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In the midst of church youth-group class, directing your teen students can feel like a lost cause. This age group is filled with energy, and they are easily distracted by each other. But, the benefits of providing stimulating class activities outweigh the oftentimes taxing challenges. Creating and directing positive class activities for your junior-high youth group will create an atmosphere where students can learn while building meaningful relationships.
Icebreakers are games that help students get to know each other and feel more comfortable in a group setting. Some icebreakers involve brief introductions, sharing interesting facts about other students and movement around the room. A simple icebreaker is called Name Backwards. Ask students to introduce themselves by saying their name backwards. So Mary would introduce herself as Yram. This simple exercise provides lots of laughter and maybe even some fun nicknames.
Junior-high students have tons of energy and will seize any opportunity to run, jump or climb with enthusiasm. That is why high-energy games can be key to keeping this crowd engaged. High-energy games require space — a large room, gym or outdoor field. Always keep in mind that with any group of kids, there will be different levels of athleticism. You will need to choose games that are appropriate for all levels. So, for example, instead of playing a traditional soccer game, have students play soccer while walking like a crab. This will keep the kids laughing. Another fun, high-energy game, to be played outdoors, is volleyball. Instead of using a traditional volleyball, though, use water balloons. So, with these games, winning is not your priority. Instead, your goal is to engage the group and to foster connections between the kids.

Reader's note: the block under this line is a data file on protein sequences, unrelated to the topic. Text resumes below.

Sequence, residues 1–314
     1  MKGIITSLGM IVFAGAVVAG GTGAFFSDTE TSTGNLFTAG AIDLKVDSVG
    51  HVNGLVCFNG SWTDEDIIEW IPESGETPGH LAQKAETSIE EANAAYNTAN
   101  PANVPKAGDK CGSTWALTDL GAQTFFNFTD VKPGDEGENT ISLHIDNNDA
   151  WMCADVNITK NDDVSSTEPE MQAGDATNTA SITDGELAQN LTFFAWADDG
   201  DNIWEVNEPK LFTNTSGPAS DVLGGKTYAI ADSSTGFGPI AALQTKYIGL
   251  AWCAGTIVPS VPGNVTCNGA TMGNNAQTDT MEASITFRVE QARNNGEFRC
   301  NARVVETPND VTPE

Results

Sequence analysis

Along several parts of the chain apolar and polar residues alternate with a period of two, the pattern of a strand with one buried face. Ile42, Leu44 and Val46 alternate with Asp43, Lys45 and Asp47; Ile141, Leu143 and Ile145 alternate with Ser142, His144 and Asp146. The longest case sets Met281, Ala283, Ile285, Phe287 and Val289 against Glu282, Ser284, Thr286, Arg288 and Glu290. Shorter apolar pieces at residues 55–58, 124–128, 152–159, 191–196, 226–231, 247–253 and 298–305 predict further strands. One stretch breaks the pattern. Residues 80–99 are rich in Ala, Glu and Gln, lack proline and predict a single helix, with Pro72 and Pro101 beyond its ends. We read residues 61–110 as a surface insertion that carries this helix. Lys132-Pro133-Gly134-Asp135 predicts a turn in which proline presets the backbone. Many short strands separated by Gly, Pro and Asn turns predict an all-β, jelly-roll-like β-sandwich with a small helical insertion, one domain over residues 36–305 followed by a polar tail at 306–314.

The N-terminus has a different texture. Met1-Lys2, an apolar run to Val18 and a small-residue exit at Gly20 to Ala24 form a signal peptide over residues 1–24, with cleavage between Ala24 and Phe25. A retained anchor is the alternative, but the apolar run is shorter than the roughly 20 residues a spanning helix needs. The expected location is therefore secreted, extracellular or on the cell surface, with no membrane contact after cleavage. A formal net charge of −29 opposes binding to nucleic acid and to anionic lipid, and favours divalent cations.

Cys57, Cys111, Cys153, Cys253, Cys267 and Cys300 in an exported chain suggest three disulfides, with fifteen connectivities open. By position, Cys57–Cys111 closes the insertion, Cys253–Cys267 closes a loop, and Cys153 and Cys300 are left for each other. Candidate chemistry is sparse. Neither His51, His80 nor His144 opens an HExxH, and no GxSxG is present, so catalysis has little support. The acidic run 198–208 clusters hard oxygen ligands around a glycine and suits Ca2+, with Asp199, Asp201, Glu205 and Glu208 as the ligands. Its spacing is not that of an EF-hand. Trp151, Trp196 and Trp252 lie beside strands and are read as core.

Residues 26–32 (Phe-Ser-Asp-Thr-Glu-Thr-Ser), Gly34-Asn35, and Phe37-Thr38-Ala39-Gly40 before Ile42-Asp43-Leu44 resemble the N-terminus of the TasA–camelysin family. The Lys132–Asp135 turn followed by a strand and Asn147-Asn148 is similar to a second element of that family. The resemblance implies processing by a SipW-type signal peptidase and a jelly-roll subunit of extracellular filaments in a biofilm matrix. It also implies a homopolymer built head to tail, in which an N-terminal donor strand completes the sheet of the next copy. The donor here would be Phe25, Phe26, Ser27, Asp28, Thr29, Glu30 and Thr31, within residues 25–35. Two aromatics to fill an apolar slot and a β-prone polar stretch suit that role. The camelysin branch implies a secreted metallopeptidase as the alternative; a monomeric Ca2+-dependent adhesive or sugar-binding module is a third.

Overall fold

Team-building games help junior-high students develop confidence and a sense of belonging within a group. A favorite team-building exercise is called the Human Pyramid. It is what it sounds like — in this activity, students use each other to build a human pyramid. The activity requires trust, creativity and enthusiasm. If you are concerned about safety and you want to avoid such physical activities, consider an exercise that deals with communication only. Have students organize the activity of your choice without any form of verbal communication. They must complete the activity without using any words, which means they must rely on each other; not just on their words. This exercise teaches students to really pay attention to their classmates. It also teaches them to work together to accomplish a task that may seem nearly impossible without the use of words.
Activities to Reinforce the Lesson
Junior-high students do well with active learning, so if the leader is teaching a lesson to the youth group, it is a good idea to accompany the lesson with a related activity. For example, if the lesson is about trust, leading the students in a line, blindfolded, will reinforce the topic. The students must learn to trust the person in front of them as they hold onto their shoulder. These types of activities don’t necessarily have to be physically active. Simply giving the students time for directed discussions following the lesson will reinforce the learning. Art projects, drama presentations, songs or mock game shows can also nurture creativity and enhance learning in a group atmosphere.
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